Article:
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CPAC speakers seek to set themselves apart as they condemn Putin

<i>Joe Raedle/Getty Images</i><br/>Sen. Marco Rubio speaks during the Conservative Political Action Conference (CPAC) at The Rosen Shingle Creek on February 25 in Orlando
Getty Images
Joe Raedle/Getty Images
Sen. Marco Rubio speaks during the Conservative Political Action Conference (CPAC) at The Rosen Shingle Creek on February 25 in Orlando

By Gabby Orr and Steve Contorno, CNN

Despite its Trump-loving crowd, the annual Conservative Political Action Conference became a venue this week for top Republicans to set themselves apart from each other and, in some cases, from the former President as they sharply condemned Russian President Vladimir Putin and his full-scale invasion of Ukraine.

Some guest speakers — from Republican senators to senior Trump administration officials — accused Putin of tormenting Ukraine, forcing its people to flee their homes and splitting families apart.

“I don’t know if you’ve watched the images in the last 48 hours. … You have 70-something-year-old men, elderly women, younger children taking up arms … These are people that are basically saying, ‘We refuse to be Putin’s slaves. We refuse to live under tyranny,’ ” Sen. Marco Rubio of Florida told the audience.

Others demanded a US posture of peace through strength — littering their remarks with references to former President Ronald Reagan — or took aim at President Joe Biden, blaming his supposedly weak leadership for Russia’s incursion into Ukraine.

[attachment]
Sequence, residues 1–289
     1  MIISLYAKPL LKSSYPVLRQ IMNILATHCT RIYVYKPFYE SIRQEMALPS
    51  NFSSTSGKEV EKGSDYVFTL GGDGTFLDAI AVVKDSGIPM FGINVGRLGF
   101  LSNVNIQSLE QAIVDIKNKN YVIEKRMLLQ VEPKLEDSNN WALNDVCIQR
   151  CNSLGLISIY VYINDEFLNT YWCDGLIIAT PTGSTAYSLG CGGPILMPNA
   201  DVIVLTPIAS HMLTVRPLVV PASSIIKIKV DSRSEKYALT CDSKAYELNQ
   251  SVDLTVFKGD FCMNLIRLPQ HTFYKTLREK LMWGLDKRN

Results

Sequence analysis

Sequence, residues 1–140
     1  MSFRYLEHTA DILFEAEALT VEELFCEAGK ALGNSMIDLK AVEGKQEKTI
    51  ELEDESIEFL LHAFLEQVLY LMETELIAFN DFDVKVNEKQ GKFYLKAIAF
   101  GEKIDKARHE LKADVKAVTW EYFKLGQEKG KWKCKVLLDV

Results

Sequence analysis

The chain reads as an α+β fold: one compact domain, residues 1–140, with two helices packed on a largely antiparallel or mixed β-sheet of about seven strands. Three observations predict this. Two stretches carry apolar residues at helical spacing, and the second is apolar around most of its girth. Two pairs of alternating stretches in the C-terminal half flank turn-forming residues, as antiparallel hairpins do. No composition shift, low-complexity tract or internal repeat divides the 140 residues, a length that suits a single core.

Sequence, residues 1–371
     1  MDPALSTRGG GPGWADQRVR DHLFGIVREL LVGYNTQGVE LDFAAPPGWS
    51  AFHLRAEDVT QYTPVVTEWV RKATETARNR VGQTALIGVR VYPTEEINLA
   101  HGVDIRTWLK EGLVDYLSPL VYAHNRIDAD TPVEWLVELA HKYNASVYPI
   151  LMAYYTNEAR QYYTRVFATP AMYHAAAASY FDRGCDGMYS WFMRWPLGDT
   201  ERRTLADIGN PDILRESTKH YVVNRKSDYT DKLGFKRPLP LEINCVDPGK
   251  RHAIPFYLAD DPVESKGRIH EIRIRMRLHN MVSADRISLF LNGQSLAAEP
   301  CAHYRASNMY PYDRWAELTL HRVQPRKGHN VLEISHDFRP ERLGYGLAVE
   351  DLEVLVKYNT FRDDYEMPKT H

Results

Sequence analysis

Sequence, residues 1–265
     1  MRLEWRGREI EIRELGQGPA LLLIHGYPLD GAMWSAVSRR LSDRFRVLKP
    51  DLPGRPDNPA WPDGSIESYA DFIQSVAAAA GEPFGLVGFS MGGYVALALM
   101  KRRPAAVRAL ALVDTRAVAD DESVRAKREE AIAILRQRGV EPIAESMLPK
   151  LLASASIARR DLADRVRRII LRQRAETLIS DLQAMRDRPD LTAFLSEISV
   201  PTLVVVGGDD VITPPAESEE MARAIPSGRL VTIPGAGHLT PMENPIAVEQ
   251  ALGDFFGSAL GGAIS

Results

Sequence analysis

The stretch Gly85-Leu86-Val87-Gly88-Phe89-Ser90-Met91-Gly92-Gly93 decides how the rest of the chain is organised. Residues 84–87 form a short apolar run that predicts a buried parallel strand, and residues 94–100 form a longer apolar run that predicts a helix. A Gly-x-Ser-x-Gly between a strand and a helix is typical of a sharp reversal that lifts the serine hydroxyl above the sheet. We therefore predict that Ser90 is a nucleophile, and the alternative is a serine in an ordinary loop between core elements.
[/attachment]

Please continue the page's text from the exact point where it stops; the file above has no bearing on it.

“We’ve seen a Russian dictator now terrorize the Ukrainian people because America didn’t demonstrate resolve that we did for the four years prior,” said former US Secretary of State Mike Pompeo, who has been laying the groundwork for a presidential run in 2024.

“It was Reagan’s model; it was the model that we used for four years in the Trump administration. We put America first and we told people around the world, you cannot tread on us,” Pompeo added.

Unlike his top diplomat, former President Donald Trump seemed to side with Putin in the lead up to Russia’s military action. In the hours after Putin ordered troops into eastern Ukraine on Monday, Trump said of the authoritarian leader, “This is genius. Putin declares a big portion of Ukraine; Putin declares it as independent. Oh, that’s wonderful. So, Putin is now saying it’s independent — a large section of Ukraine. I said, ‘How smart is that?'”

Trump — who is scheduled to appear at CPAC on Saturday — then reportedly doubled down in a Wednesday night speech to Republican donors at his Mar-a-Lago estate, calling Putin “tough” while discussing the deadly situation in Ukraine, according to The Washington Post. The comment wasn’t unusual for the former President, who would routinely compliment Russia’s leader during his time in office and publicly sided with him over US intelligence officials during a stunning July 2018 press conference in Helsinki, where Putin denied any meddling in the 2016 US presidential election.

Matt Schlapp, a top Trump ally and chairman of the American Conservative Union, said in an interview with CNN that the former President “has every right to opine” when asked about Trump’s glowing comments about Putin. Schlapp added that Trump built a coalition inside the Republican Party that is less likely to support the deployment of additional US resources to Europe to respond to Russia’s aggression.

“I think there’s a feeling like you got to tell us what’s in America’s interest and then we’ll consider whether or not we support that. They want to be convinced it’s in our national interest,” Schlapp said.

At times during this year’s CPAC conference, the general audience reacted more viscerally — and vocally — to mentions of Canadian Prime Minister Justin Trudeau, who has been locked in a battle with truckers who are protesting Covid-19 vaccine mandates, than they did to Putin’s name, even as civilians were being struck in Ukraine and US intelligence officials warned that the country’s capital of Kyiv could fall under Russian control within days.